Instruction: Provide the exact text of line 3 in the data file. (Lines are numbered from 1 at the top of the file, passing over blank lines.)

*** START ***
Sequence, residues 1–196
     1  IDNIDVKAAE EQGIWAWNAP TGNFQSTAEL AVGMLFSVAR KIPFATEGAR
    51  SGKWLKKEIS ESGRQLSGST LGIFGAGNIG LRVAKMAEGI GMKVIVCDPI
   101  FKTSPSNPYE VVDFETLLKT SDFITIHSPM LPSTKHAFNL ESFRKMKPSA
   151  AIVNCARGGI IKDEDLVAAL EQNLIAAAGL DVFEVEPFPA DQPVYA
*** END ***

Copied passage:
    51  SGKWLKKEIS ESGRQLSGST LGIFGAGNIG LRVAKMAEGI GMKVIVCDPI